Author + information
- Mehdi H. Shishehbor, DO, MPH⁎ ( and )
- Patrick L. Whitlow, MD
- ↵⁎Department of Cardiovascular Medicine, Cleveland Clinic, 9500 Euclid Avenue, JJ40, Cleveland, Ohio 44195
Safley et al. (1) conducted an important multivariable analysis to determine predictors of success in treating chronic total occlusion and clinical outcomes. As part of their conclusions, they stated that the use of glycoprotein IIb/IIIa was significantly associated with improved success (odds ratio: 2.27, 95% confidence interval: 1.36 to 4.80). However, we feel that the inclusion of glycoprotein IIb/IIIa in models to predict success and outcome is inappropriate, as glycoprotein IIb/IIIa is typically used after and not before the chronic total occlusion has been crossed with a guidewire with reasonable assurance that the wire is intraluminal distally. Therefore, we question whether glycoprotein IIb/IIIa use has any impact on chronic total occlusion success rates. Further, its inclusion in the models can potentially impact the point estimates of other important variables. More importantly, the use of glycoprotein IIb/IIIa before successful crossing of a chronic total occlusion may increase the risk of pericardial effusion or tamponade. It would be of interest to conduct the same analysis without the inclusion of glycoprotein IIb/IIIa to observe whether other important variables are predictive of success and outcome in this cohort.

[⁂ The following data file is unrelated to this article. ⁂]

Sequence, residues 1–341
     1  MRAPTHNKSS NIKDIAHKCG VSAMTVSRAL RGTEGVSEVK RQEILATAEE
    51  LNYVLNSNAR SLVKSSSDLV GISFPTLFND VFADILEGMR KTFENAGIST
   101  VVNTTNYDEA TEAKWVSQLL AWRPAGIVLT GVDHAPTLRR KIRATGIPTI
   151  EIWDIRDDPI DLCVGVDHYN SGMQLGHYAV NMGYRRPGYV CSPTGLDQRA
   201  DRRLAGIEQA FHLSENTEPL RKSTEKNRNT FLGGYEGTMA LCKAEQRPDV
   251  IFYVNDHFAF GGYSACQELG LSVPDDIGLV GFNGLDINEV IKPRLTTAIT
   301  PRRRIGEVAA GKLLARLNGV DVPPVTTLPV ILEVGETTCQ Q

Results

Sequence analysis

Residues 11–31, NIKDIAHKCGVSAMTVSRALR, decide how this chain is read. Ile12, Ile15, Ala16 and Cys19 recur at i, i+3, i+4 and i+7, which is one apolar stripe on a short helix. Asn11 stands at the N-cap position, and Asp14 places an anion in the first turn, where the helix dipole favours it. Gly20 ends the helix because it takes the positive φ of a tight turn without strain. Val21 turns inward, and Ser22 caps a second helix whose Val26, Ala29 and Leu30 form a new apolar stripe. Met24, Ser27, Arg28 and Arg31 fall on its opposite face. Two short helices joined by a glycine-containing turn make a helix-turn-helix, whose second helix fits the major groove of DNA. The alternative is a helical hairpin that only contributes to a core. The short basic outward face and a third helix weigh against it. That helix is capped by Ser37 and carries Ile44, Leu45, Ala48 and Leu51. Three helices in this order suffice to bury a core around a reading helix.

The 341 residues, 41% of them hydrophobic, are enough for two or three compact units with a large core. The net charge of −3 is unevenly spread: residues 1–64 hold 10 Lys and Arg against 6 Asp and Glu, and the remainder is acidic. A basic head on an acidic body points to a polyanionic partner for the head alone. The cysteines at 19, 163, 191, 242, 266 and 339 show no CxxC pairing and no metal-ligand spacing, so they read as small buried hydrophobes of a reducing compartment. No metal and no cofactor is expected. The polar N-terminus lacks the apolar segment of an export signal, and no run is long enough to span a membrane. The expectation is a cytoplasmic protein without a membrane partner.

Please note: Dr. Whitlow has received research grant support from Abbott Vascular, Boston Scientific, and Evalve Inc., and has received consulting fees from Medlogics and Icon International Systems Inc.
- American College of Cardiology Foundation